Finally, it was over. As was customary, our instructors gave us our ribbons, a congratulations card, and a treat for the horse. Cynthia gave me my white ribbon, a pink card, and a bone-shaped treat for Sassy. She gave me a brief, apologetic smile, and turned away to tend to her other students. My parents came over, worry in their faces. I threw the ribbon and the treat on the ground, and ground them into the dirt with my heel. I ripped the card into pieces. I collapsed into my mom’s arms.

“It’s okay,” she coaxed, “we can go home now.”

“Sarah, why did you get on the horse after you fell off?” asked my dad.

“Because I thought things would be better this time,” I snapped. Because Cynthia told me they would be.

I handed Sassy off to her next rider, and gave her one last shove before I left. Holding my mom, I didn’t see my dad pick up the stained, imperfect ribbon from the ground………………….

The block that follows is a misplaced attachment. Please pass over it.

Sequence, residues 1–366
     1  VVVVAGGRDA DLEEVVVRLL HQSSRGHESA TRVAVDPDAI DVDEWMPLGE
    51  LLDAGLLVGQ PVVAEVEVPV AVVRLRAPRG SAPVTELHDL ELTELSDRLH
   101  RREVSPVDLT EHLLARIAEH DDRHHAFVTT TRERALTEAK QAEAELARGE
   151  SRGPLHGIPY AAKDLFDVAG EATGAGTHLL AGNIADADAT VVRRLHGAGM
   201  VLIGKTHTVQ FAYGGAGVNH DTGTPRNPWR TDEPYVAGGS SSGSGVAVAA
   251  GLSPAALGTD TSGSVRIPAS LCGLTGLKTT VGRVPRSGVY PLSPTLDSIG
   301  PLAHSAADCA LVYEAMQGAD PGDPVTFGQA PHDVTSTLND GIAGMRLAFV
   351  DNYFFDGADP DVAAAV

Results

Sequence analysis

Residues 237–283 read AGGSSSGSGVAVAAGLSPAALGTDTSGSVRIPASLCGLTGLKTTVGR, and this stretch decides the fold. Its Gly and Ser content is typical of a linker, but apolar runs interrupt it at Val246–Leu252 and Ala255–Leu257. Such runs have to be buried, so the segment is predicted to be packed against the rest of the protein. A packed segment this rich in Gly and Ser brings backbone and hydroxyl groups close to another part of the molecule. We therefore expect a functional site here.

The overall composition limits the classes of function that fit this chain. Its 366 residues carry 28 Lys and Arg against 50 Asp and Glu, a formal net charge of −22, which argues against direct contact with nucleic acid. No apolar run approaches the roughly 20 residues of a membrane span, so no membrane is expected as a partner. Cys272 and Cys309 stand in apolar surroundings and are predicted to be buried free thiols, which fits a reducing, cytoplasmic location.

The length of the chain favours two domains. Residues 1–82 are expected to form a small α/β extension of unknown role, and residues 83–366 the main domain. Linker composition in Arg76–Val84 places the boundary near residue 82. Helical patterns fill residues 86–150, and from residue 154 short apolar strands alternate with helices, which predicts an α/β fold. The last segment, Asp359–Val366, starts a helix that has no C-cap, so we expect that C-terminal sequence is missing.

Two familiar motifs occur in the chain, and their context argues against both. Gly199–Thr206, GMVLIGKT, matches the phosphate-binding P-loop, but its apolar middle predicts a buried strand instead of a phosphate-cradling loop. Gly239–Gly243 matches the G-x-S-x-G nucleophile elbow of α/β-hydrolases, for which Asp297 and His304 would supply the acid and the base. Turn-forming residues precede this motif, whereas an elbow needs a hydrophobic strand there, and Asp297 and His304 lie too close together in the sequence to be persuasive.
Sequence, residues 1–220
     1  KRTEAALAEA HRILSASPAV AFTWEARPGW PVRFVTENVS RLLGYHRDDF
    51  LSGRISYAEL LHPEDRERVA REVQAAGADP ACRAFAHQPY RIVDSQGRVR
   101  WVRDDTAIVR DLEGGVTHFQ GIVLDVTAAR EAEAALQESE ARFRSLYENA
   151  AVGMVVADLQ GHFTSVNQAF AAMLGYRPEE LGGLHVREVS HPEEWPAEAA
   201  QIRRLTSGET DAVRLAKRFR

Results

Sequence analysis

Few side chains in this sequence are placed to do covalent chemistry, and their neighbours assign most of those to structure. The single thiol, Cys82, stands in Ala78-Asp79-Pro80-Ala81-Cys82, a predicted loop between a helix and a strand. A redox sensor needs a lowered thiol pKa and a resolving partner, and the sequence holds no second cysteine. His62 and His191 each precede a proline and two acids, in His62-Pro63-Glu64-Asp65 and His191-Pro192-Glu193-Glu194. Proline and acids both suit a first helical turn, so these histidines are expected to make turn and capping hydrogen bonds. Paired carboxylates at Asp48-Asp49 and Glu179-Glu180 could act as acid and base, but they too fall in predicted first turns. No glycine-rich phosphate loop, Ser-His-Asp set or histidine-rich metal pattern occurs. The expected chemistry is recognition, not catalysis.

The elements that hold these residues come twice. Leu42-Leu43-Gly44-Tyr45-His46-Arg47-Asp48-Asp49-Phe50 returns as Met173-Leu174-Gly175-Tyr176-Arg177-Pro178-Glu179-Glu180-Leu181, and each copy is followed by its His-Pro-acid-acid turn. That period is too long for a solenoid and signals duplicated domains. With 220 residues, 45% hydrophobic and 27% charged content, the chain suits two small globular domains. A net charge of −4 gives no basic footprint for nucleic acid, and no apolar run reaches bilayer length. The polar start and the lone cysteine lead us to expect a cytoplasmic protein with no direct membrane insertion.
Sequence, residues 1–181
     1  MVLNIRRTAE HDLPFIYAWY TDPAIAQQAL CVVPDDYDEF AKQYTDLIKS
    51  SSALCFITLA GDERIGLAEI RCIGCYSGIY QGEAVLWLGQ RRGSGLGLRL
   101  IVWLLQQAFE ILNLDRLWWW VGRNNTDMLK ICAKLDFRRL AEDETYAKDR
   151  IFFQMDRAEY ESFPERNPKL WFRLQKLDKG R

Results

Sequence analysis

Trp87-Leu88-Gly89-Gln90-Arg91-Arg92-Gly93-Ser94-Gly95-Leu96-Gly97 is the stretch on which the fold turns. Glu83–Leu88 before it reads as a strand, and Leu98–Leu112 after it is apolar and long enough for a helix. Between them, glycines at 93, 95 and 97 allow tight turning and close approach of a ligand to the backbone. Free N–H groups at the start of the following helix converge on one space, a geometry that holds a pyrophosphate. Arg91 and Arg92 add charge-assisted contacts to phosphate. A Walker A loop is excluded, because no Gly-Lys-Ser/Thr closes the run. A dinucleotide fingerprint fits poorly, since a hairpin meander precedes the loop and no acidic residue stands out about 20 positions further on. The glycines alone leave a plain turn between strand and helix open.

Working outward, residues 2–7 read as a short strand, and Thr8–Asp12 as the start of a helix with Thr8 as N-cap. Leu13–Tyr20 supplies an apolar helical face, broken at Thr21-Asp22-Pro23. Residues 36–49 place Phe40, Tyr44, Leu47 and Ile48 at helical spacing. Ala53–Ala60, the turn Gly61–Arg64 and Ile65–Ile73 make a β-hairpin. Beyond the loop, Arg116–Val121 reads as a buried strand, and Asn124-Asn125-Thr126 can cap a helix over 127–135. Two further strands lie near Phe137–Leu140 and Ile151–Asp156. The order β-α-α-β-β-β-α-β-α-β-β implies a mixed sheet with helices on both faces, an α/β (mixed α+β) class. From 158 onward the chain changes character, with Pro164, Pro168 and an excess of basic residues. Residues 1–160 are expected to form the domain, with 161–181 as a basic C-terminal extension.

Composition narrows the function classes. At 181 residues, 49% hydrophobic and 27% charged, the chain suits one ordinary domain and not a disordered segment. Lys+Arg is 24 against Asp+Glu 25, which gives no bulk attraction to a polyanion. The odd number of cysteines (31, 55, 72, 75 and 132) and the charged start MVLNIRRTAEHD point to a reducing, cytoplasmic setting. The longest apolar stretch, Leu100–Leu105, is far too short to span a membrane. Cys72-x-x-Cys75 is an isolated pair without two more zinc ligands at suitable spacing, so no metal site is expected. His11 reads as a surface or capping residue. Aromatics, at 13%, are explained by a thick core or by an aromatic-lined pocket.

I adjusted my position on the faded horse blanket, as blue as the sky on that early summer day. The bruising on my tailbone that must have happened that day still makes it painful to sit in certain positions for an extended time.
That white ribbon, crumpled and dirty, still hangs on the wall in my bedroom, fitting in perfectly with the rest of my purple-and-white room. A picture of me and Sassy is on my bulletin board, along with pictures of me with other horses from camp. That optimistically yellow crop is somewhere in the chest filled with my other memories.
Today, riding during the summer at camp is one of the highlights of my year. The mementos that I kept are constant reminders that bad days will eventually lead to good days, and that, in accordance with the cliché, even if it takes you an entire year, you should always get back on the horse after you fall off (even twice).

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Audrey W. This work has been published in the Teen Ink monthly print magazine. said...
May 18, 2009 at 12:40 am
Is this a true story? I mean, it IS in the nonfiction, so it must be. I love riding horses and I know it is hard to get back on after a hard fall. But at least you got back on the first time. Good luck!